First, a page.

It is quite amazing that efforts to articulate value sets or systems seem to limit themselves to the simplicity of checklists or simple hierarchies. Whilst structural reductionism of this kind may be possible by collapsing rich structural detail, it is totally inadequate to the task of demonstrating how the ecosystem of values is woven together. Such simplistic structures totally fail to incorporate any degree of dynamic challenge to counteract the naturally tendency towards simplistic interpretations of values such as "peace", "love", etc. It is for this reason that a structure based on the natural challenge of value polarities opens up richer possibilities of embodying greater variety.
In such polarities there is truth and falsehood in both extremes. The polarity itself reflects the lived dilemma of acting in terms of the values represented. The polarities signal the existence of learning arenas in which individuals and societies respond to the tensions of the dilemma. Through experience of the dilemma comes understanding of the hidden weakness in "constructive" values and of the hidden truth in "destructive" values. There is then recognition that "constructive" initiatives are not always appropriate. As many religious traditions and mythologies recognize, appropriate renewal may well need to be preceded by "destruction".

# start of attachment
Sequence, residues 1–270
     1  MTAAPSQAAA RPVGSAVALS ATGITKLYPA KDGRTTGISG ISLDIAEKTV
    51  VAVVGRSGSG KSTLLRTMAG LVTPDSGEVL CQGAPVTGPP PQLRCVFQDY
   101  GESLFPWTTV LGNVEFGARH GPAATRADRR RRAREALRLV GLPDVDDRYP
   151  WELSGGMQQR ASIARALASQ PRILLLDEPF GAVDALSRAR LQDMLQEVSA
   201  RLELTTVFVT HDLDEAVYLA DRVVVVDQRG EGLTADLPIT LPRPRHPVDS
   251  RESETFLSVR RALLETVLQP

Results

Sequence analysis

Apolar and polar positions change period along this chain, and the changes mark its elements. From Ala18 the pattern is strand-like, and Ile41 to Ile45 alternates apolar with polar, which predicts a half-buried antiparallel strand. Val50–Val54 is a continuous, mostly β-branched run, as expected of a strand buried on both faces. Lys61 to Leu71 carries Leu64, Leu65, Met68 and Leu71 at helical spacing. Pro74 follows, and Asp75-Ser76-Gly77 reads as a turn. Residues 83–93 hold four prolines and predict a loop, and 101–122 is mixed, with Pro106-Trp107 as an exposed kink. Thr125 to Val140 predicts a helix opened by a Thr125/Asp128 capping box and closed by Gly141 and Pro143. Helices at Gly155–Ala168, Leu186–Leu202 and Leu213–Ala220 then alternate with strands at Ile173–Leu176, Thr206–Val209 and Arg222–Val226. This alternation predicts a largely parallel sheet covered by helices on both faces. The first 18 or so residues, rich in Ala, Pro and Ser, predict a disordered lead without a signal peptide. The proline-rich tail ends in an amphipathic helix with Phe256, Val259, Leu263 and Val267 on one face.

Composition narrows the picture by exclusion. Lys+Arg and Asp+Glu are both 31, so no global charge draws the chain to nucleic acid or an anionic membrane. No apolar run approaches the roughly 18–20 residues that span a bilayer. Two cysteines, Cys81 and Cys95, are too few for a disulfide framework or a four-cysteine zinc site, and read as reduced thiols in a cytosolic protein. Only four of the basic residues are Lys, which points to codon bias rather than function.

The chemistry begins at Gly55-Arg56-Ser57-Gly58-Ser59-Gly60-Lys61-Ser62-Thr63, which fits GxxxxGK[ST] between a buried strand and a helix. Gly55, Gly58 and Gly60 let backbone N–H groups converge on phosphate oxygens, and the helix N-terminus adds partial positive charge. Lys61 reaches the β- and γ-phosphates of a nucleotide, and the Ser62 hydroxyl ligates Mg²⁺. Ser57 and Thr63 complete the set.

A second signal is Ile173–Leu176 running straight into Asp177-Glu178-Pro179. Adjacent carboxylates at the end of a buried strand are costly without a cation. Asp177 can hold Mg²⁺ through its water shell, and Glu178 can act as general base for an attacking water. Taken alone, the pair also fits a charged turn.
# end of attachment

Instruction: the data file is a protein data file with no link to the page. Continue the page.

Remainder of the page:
6. Local vs Global
The key question then remains by what norms should action be guided. Clearly people can only be adequately motivated by the values they fully understand. Local values necessarily avoid the uncertainty inherent in global values (to which local communities may have an equivalent of the body's immune response reaction). Until such local values are acknowledged, respected and given a place within any global value framework, it is not to be expected that local communities will respond, other than in token form, to global values. This response is effectively a built-in safeguard. Local "shoulds" are a response to local conditions. Global "shoulds", as society is currently able to define them, are insensitive to the variety of local demands and are therefore effectively disempowered. They would engender a highly vulnerable society if expressed locally in their present form, aside from the possibilities of abuse.